Like Apple, Meta has Sherlocked developers and runs a near-dictatorial hold on its Quest store. The company has even been accused of nepotism when games like Dead Secret Circle — developed by Meta’s content director, Chris Pruett — landed on the main Quest Store while other games floundered on App Lab for months.

The Meta Quest experience has also been far from perfect in the five years the platform has been around. Meta says it’s been working on a UI overhaul for some time now, but there’s little doubt that Apple Vision Pro and Samsung’s upcoming XR headset have lit a fire under the company’s proverbial feet.

Furthermore, Meta’s ecosystem is far from open despite CEO Mark Zuckerberg calling Quest the “open alternative” to Apple’s walled garden ecosystem. Sure, the company allows sideloading, but it’s infamous for making things harder for developers to get their apps published than need be, as I touched upon above.

Compromise, not conflict

A Meta Quest 3 with a BoboVR M3 Pro head strap installed

(Image credit: Nicholas Sutrich / Android Central)

Like most conflicts, the path forward lies somewhere in the middle. Google and Meta need to give and take in a series of swift compromises if they want to continue to challenge Apple far into the future.

So far, it seems like Google’s strategy has only pushed Meta further away rather than bringing the company closer. Meta and LG just announced a new partnership for the upcoming Meta Quest Pro 2, Meta’s next rival to the Apple Vision Pro that’s tipped to use an entirely different operating system than the one used on gaming-focused Meta Quest 2 and Quest 3 headsets.

The rumor is that LG’s WebOS — that’s the operating system they purchased from Palm and what currently runs the company’s smart TVs — will be adapted for use on the upcoming LG-made Meta Quest Pro 2. We’re still not sure how this solves Meta’s app problem but it could help differentiate the headset from its gaming headsets so it makes more sense as a “professional” product.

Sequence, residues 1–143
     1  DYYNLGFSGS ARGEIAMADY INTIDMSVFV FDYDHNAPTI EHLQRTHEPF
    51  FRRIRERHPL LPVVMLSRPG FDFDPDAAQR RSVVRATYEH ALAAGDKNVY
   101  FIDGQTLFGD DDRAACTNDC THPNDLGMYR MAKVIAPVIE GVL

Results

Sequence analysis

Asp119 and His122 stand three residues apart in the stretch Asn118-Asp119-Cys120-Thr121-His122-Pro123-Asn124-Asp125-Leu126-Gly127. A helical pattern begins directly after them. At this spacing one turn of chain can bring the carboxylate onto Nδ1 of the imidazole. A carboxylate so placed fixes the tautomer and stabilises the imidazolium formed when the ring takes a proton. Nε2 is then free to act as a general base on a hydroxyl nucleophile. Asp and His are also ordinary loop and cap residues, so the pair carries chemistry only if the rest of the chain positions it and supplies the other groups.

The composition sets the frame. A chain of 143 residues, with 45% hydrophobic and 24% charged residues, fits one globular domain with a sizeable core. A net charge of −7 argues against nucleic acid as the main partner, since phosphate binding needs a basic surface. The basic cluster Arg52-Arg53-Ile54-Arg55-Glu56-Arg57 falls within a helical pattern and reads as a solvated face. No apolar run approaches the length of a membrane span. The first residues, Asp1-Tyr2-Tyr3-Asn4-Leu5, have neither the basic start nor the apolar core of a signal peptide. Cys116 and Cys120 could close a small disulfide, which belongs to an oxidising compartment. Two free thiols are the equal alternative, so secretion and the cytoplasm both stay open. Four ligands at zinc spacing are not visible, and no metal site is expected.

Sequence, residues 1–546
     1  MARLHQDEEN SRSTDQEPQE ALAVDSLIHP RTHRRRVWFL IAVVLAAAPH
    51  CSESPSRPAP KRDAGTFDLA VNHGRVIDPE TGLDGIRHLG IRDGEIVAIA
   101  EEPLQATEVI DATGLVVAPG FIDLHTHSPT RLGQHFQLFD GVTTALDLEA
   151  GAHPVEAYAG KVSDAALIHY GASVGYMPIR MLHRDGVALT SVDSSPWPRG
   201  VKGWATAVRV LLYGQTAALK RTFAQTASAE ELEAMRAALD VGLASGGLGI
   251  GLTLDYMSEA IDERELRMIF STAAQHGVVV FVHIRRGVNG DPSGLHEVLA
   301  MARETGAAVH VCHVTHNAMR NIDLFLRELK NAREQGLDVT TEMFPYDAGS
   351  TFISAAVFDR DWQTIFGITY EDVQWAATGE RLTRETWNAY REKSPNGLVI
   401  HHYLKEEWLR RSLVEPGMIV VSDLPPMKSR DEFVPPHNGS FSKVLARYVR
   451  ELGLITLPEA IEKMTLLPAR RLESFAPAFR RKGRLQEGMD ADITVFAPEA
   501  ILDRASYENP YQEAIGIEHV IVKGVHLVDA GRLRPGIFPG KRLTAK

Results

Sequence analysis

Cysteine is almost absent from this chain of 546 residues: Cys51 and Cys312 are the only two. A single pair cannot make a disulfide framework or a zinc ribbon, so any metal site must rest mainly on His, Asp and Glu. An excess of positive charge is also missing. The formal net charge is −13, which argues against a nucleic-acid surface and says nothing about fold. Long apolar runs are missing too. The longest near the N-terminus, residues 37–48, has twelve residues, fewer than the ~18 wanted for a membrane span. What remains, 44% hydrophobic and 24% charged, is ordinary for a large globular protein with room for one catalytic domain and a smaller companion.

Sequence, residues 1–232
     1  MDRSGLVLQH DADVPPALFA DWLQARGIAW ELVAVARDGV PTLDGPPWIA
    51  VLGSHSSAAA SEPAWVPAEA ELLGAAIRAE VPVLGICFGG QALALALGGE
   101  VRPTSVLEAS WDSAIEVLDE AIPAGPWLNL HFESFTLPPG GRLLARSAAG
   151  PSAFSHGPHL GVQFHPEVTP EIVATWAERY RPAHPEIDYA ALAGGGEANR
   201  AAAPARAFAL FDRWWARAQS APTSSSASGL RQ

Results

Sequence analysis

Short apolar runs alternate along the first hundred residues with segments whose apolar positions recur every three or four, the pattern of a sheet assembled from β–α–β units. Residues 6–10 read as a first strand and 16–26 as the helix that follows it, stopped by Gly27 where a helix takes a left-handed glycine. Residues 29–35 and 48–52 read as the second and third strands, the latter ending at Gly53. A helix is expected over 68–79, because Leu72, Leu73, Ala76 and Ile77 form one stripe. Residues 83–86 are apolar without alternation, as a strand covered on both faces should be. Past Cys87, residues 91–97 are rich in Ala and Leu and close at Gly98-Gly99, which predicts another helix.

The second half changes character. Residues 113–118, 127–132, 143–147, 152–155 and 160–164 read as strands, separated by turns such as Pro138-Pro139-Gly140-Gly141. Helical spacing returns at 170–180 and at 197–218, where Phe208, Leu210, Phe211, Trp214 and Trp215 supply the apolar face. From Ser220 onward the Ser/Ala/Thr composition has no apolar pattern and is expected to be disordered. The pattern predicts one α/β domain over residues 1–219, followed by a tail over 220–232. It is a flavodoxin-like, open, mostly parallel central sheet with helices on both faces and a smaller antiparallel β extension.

Google runs the risk of turning XR into another tablet market, where a fork of Android without Google services maintains the majority of the market share.

Meanwhile, we’re expecting Samsung’s upcoming XR headset to look and work a lot more like the Apple Vision Pro — as evidenced by the company “starting over” when Vision Pro was unveiled — offering up a premium form factor and displays while putting an emphasis on media consumption.

This leads us to that middle ground that’s so desperately needed here. It’s been said that Meta wants to become the “Android of VR” but the company’s rhetoric doesn’t line up with its actions. To my knowledge, Meta isn’t offering its OS for use with other XR hardware. Not even for that LG-made Quest Pro 2, as I noted.

And while it would behoove Google to offer up the Play Store on Meta Quest headsets — thus opening another path of revenue via app sales — there’s little sense in offering this until Google comes up with a good way to filter apps that work well in virtual or mixed reality situations.

Both of these companies are more than capable of working with each other but, based on what I can see right now, neither seems to be willing to bend. This runs the risk of becoming like the Android tablet scene, where Amazon’s tablets — running a custom version of Android without Google services — rule the roost in sales and dwarf any attempts Google or its many tablet hardware partners have made over the years.

If Google is actually serious about XR this time around, now is the time to compromise and build for the better. Not later.

Source link